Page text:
Pesticides Cause 'Catastrophic' Harm to People and Planet, UN Report Says
The chronic overuse of pesticides across the world has caused "catastrophic" harms to human health, human rights and global biodiversity, according to a report presented to the United Nations human rights council Wednesday.
The UN-solicited study on toxic chemical impacts to global food sources criticizes pesticide manufacturers' "systematic denial" of the broad harms caused by their products and calls for a transition to healthier farming methods that move away from the current dependence on pesticides.
Debunking 'Alternative Facts' About #Pesticides & #Organic #Farming https://t.co/8UrdgriyWd @NonGMOProject @nongmoreport @foodtank @NRDC— EcoWatch (@EcoWatch)1488389053.0
"This report vividly reveals the harms pesticide manufacturers have caused by promoting the myth that their toxic chemicals are necessary to feed the world," said Nathan Donley, a senior scientist with the Center for Biological Diversity. "As this report recommends, we must move away from the industry-driven addiction to pesticides that is poisoning farmworkers, contaminating our water and wildlife and causing long-term human health problems."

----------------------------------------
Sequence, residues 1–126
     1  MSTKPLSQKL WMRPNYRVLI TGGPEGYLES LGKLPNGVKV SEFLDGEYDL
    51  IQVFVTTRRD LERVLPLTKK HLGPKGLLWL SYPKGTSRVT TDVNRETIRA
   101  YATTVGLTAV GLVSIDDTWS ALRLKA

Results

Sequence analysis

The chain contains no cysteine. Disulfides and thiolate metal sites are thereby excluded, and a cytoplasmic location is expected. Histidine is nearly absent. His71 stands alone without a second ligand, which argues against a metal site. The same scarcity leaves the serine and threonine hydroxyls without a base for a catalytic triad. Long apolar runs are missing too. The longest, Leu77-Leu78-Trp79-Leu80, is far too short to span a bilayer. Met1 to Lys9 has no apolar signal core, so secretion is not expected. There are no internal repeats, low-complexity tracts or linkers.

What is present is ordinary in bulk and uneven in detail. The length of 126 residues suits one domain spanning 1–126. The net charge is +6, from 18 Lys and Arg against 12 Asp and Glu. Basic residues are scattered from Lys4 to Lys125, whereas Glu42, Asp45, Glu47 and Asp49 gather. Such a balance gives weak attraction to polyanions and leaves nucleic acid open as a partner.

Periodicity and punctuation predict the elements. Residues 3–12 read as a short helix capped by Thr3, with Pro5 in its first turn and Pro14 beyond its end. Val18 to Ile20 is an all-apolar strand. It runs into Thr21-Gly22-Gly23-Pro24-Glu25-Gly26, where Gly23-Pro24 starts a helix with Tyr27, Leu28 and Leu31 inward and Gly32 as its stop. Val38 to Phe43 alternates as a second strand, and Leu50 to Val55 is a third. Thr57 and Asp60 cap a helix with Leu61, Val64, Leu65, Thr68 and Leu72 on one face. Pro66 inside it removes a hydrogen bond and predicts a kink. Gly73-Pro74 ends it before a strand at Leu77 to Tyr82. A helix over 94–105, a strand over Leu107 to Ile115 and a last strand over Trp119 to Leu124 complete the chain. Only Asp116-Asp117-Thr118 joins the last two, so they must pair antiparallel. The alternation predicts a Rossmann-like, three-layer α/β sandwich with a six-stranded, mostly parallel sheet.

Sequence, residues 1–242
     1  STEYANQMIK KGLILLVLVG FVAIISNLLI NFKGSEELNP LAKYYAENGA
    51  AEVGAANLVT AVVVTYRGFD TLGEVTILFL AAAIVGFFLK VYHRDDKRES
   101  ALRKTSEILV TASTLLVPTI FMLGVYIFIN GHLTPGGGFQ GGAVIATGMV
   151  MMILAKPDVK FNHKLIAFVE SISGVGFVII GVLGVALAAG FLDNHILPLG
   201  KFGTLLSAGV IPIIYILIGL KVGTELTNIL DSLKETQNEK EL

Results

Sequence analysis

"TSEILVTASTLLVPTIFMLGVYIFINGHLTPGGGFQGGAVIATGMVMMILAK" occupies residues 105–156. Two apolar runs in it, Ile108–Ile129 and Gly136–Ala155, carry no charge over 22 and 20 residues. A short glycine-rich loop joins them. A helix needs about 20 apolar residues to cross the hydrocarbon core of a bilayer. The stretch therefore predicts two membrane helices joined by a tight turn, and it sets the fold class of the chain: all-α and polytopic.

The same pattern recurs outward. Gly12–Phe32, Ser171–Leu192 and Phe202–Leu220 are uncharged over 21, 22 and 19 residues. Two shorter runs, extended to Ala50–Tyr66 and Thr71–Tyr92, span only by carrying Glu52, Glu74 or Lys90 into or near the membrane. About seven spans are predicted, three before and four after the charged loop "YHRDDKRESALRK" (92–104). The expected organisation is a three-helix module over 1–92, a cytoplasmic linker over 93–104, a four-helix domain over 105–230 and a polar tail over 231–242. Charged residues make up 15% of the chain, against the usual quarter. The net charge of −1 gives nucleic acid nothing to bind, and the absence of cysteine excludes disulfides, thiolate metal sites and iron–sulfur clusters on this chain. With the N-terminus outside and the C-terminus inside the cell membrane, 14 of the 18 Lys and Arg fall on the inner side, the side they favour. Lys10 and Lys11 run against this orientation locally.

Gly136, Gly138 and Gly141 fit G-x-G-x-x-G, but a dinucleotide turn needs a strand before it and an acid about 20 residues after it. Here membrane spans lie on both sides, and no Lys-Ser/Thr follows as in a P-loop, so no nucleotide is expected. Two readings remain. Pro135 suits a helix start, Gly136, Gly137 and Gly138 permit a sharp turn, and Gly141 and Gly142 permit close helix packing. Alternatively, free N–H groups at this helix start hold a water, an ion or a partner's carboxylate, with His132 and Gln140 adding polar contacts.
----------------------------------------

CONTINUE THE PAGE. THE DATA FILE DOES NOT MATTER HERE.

The report is part of a growing body of evidence detailing the harms caused by the overuse and under-regulation of pesticides. For example, a study published last week in the journal Nature Plants found pesticide use could be heavily reduced in most situations without an impact to crop yield.
The UN report finds that poverty, coupled with inequitable production and distribution systems, are two of the major barriers to feeding the hungry.
"Far from being necessary for feeding a growing population, the overuse of pesticides has crippled agricultural ecosystems by helping to spur pest infestations," said Donley. "Nature is our ally, not our adversary. Now, governments must take aggressive action to change course and protect people and the environment from these dangerous, overused pesticides."
Carbon dioxide levels in the atmosphere hit a new record in 2019 and have continued climbing this year, despite lockdowns and other measures to curb the pandemic, the World Meteorological Organization (WMO) said on Monday, citing preliminary data.
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